Hamilton researchers are working on a gut feeling that may be not just a cure for mental health issues like post-traumatic stress disorder (PTSD), but a possible preventative treatment as well.

And the United States Navy is funding their research, to the tune of $1.5 million.

Doctors John Bienenstock and Paul Forsythe of the McMaster University brain-body institute are looking into bacteria in the stomach and their effects on the brain and a person’s mood.

'You can’t expect that your Activia (yogurt) is going to solve your mental depression… It hasn’t got to that stage.'- Dr. John Bienenstock

In their preliminary studies on mice, they’ve shown that what bacteria are in a mouse’s gut can have a major impact on a mouse’s mood or demeanor. They’ve also shown they can control the mood in anxious mice, calming stressed mice with a month of eating bacteria found in the stomach of calm mice.

While the idea sounds futuristic, the research, Bienenstock said, is still in the present.

“The (US) Navy is interested in sleep deprivation and circadian rhythm changes which are known to be highly stressful and may be one of the promoting features of PTSD,” said Forsythe from his office inside St. Joseph’s Healthcare.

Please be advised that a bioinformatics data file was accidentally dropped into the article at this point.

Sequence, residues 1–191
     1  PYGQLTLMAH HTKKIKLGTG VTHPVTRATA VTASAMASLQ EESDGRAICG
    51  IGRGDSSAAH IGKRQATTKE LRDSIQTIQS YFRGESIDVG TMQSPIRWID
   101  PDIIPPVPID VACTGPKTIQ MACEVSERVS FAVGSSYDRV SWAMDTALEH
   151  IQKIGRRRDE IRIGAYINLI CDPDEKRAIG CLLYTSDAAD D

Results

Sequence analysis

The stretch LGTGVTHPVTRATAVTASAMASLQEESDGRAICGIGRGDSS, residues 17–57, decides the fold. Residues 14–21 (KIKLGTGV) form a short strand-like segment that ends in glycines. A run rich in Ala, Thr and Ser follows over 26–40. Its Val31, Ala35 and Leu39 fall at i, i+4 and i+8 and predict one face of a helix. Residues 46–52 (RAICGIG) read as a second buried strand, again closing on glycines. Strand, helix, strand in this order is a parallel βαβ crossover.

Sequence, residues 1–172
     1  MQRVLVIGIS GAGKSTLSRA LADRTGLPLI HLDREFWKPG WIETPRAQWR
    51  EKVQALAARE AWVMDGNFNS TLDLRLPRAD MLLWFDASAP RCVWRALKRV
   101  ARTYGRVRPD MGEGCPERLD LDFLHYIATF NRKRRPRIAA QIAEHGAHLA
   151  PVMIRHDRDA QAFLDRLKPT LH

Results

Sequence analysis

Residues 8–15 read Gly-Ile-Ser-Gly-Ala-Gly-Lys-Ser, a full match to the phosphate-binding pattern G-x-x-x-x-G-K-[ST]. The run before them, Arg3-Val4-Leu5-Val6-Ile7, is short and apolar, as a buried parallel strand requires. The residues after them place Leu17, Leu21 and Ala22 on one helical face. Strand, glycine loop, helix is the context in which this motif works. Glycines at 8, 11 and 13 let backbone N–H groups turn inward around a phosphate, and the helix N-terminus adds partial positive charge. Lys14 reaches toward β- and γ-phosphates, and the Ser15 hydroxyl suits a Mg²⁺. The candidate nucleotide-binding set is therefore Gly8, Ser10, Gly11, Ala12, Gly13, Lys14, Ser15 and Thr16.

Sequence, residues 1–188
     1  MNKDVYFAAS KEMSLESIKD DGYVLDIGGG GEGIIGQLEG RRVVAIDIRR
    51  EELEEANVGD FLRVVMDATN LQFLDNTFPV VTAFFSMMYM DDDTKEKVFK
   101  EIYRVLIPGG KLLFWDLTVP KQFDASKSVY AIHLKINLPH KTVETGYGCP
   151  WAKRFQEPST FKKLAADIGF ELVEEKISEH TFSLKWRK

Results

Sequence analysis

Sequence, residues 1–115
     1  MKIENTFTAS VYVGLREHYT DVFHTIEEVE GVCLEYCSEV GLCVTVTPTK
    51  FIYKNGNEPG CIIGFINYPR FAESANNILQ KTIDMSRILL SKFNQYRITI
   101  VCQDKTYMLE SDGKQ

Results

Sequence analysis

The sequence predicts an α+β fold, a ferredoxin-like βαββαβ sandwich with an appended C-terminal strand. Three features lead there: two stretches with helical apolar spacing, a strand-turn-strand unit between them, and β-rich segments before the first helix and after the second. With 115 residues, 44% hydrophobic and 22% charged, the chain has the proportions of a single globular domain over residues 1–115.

Getting ahead of the science

“It’s suddenly become very popular to think that you can go and change your whole behaviour by changing your diet and changing the bugs,” added Bienenstock, describing probiotics. “It’s not as simple as that. The lay view of this is slightly ahead of the science before we can go diving into the clinical side.”

“You can’t just go to the health foods store and pick it up,” Bienenstock said. “You can’t expect that your Activia (yogurt) is going to solve your mental depression… It hasn’t got to that stage.”

While they’re cautious of what they know right now, Bienenstock and Forsythe know that the potential of their stomach science could lead to daily doses of the right bacteria.

Bacteria and pathways

Bienenstock said their preliminary work has shown that changes to what bacteria are in the gut can have an effect on the brain. He also said that Forsythe showed that pathway from the nerves in the stomach to signals in the brain can be cut by snipping the vagus nerve – which can act as an information highway to the brain from inside of a body.

They’re looking at identifying certain bacteria and pathways, and how they can be used to curb stress or even prevent it.

Specifically, they’ll be using calm mice bacteria put into a mouse that has been subjected to a “social defeat” stressor, a common model to stress mice by introducing them to a larger, more aggressive mouse.

The smaller mouse has long-term effects of stress of the larger mouse.

“(The) long term effects which are, if you dare make the comparison, similar the long term effects of PTSD, and that’s the whole idea,” Bienenstock said.